- Properties: Chemical and physical properties show that mined and lab-grown diamonds are the same. These properties include light dispersion, refractive index, electron density and Mohs hardness rating. For the consumer, these properties mean a lab-grown diamond shines as bright as a mined one. A lab-grown diamond is also as hard as a mined diamond.
- Treatment: Scientists cut and polish lab-grown diamonds the same way they do mined varieties. Since they are treated the same way, these varieties of diamonds look the same as well. The fact that experts can cut, polish and repair lab-grown and mined diamonds with identical methods shows that the gems are the same. Different varieties of gems would require different methods of treatment.
It is nearly impossible to distinguish a cultured diamond from a natural one unless you examine them with specialized equipment. If you were to take a closer look, you might discover that lab-grown diamonds contain fewer inclusions than a mined diamond. Inclusions are minor imperfections you can't see with the naked eye, but the more a diamond has, the less brilliant it will appear. Since scientists create lab-grown diamonds under controlled conditions, they can limit the inclusions a gem has. Fewer inclusions contribute to a more dazzling gemstone. If you select a cultured diamond over a mined one, you'll find a brighter option at an affordable price.
Because the process for engineering a diamond is cheaper and requires less work than mining one, lab-grown diamonds cost less. Lab-grown diamonds are still a luxury item like mined gems, but you can save more with the engineered option. The average price per carat of a natural diamond is $5,000, while lab-grown is about $3,500. With the money you'd save, you could choose to buy a higher-quality lab-grown diamond or even a larger stone.
As manufacturers continue creating diamonds, their processes become more advanced. When scientist began engineering diamonds in the 1950s, the results were small, brown diamonds that were not jewelry quality. Instead, they were better for use in machinery or for cutting. It was not until the 1970s and 1980s that technology allowed for gem-quality products, but these lab-grown diamonds were only available in colored varieties due to impurities. scientists only achieved lab-grown white diamonds within the 21st century. Their process is always improving, though, and soon, labs will be able to produce even more substantial and brilliant diamonds.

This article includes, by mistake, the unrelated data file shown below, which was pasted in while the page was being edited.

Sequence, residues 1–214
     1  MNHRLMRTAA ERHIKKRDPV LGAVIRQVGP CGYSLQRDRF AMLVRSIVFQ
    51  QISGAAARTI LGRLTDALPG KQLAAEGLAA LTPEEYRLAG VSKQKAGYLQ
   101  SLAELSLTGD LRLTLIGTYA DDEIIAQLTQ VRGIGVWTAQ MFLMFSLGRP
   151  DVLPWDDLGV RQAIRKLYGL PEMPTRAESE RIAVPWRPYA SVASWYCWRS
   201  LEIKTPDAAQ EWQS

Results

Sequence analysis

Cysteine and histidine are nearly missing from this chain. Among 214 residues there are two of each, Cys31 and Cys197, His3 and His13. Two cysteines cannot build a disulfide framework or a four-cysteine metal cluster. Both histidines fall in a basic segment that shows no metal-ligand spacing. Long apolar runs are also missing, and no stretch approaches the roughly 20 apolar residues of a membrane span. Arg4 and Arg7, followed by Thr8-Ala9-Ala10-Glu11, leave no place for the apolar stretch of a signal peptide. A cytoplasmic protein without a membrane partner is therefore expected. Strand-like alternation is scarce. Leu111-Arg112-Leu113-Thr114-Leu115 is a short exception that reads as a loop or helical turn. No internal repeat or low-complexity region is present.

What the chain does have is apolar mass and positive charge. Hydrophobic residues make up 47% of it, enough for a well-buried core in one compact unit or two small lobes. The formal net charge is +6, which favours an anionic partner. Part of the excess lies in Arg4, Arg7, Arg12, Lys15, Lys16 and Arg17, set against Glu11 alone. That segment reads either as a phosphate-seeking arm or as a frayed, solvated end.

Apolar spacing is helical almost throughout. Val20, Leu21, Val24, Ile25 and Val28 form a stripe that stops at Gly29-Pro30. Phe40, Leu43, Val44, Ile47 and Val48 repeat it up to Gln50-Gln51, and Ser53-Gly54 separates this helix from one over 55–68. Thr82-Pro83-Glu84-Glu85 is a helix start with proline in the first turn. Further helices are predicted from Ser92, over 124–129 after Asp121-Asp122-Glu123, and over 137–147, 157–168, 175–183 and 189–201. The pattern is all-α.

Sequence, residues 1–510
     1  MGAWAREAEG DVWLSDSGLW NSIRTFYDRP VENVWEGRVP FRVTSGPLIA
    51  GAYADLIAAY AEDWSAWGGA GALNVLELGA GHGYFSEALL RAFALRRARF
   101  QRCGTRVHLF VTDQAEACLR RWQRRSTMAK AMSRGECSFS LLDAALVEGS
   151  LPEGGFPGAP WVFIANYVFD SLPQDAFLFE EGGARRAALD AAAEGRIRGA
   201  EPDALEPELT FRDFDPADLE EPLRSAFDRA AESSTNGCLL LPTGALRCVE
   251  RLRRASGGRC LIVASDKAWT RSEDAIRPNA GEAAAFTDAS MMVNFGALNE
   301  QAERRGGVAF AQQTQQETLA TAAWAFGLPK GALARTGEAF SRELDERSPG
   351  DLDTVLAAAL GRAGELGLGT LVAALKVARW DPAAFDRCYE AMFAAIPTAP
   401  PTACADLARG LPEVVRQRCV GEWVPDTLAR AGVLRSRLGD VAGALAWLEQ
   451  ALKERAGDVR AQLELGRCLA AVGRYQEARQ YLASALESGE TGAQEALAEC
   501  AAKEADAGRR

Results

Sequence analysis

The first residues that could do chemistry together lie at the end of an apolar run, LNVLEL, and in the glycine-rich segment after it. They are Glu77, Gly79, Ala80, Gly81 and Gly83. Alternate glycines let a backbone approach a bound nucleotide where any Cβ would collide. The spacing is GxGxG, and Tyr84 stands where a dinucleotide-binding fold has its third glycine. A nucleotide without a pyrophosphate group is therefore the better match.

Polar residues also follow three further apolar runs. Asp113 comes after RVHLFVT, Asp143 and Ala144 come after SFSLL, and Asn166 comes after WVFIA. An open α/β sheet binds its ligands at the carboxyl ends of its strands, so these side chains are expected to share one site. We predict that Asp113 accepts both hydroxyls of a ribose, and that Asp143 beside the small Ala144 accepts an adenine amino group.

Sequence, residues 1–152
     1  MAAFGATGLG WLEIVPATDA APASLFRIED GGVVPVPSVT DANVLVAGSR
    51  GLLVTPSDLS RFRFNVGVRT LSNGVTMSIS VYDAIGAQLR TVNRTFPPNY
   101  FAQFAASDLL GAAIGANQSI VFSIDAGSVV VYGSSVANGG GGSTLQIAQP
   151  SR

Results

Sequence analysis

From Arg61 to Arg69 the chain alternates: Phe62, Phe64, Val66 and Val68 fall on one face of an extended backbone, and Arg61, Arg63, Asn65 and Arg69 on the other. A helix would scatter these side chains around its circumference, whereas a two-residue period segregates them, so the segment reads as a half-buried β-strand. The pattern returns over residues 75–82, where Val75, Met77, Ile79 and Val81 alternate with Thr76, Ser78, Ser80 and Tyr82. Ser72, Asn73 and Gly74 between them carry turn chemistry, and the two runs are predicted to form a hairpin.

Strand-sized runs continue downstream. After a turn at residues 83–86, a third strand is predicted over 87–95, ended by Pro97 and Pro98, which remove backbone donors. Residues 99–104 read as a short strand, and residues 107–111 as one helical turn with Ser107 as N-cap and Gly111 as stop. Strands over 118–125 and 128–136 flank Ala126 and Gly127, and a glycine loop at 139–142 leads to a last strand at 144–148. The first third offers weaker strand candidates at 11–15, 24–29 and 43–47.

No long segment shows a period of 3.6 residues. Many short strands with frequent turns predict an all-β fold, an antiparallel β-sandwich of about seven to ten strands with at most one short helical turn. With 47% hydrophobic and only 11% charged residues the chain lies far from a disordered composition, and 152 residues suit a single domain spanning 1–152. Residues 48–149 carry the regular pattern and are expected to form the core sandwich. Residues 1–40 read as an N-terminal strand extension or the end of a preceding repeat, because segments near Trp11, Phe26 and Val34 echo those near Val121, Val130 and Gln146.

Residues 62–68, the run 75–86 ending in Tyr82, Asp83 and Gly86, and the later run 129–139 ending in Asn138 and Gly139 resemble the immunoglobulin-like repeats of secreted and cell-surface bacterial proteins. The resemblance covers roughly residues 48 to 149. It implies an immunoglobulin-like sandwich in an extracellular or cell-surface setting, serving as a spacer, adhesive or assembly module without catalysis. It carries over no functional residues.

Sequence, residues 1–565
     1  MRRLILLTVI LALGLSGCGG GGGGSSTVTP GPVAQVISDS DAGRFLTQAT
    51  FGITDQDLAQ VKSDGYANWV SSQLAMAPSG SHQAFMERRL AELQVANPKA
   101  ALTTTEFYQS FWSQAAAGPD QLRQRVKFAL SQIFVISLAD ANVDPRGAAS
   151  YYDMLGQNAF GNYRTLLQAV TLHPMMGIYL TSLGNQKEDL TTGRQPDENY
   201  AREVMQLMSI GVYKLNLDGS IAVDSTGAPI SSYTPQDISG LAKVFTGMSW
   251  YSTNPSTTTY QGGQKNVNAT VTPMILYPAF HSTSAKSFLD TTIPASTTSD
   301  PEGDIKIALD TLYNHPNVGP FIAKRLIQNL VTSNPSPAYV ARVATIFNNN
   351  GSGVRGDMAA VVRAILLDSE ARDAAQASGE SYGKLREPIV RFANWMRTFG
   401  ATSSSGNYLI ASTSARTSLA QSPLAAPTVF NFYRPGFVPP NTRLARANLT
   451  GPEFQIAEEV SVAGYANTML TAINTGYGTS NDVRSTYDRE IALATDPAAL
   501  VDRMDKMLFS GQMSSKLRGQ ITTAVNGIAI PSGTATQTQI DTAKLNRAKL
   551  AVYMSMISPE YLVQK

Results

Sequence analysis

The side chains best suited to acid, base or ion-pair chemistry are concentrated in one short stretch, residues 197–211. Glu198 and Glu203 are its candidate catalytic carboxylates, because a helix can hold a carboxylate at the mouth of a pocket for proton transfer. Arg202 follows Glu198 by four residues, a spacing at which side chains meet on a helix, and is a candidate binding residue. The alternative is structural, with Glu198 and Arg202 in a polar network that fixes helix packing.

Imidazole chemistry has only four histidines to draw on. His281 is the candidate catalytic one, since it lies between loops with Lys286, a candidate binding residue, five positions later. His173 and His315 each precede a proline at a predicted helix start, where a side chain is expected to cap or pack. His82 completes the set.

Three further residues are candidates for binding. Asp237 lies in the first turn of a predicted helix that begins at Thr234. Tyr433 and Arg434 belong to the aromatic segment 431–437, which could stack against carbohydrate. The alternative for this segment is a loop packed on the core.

Lab-Grown Diamonds Are All Different and Unique
You may imagine the production process creating diamonds in molds, stamping out the same gem over and over, but that is not the case. Manufacturers can engineer diamonds in two ways:
- High-pressure high-temperature (HPHT): This process mimics conditions within the Earth that produce natural diamonds. A mechanical press subjects a carbon source to high temperature and pressure until a diamond seed forms. HPHT is a fast process compared to the other method, and it can produce a more pure white diamond.
- Chemical vapor deposition (CVD): Scientists heat different gasses in a vacuum until carbon settles out and falls to a diamond seed, which often comes from the HPHT process. Carbon builds layers upon layers until a diamond forms. Manufacturers use CVD to create bridal stones or other larger diamonds. The CVD process creates diamonds with fewer impurities, and the gems have a high clarity.
Like natural mining, lab production creates unique results. No two lab-grown diamonds are the same due to their crystal structure. If anything, the manufacturing process creates gems that are more unique even than natural processes. That's possible in a few ways:
- Customized orders: Some diamond manufacturers offer custom orders. You can specify the size and shape you'd like, knowing the result will be a brilliant diamond in the perfect size for you.
- An array of colors: Mined colored diamonds are a rare find, meaning they are expensive. With lab-grown diamonds, it's easier for manufacturers to add the elements required to create those colors. Your diamond jewelry will look unique if you select colorful lab-grown diamond options.
- Purer composition: It is possible to create diamonds with undetectable impurities. The Gemological Institute of America (GIA) labels these diamonds type IIa. Only an estimated two percent of natural diamonds meet this purity standard. Manufacturers using the CVD method can frequently produce this grade of diamond. If you'd like a diamond so pure it's rare to find in nature, a lab-grown diamond is the best option.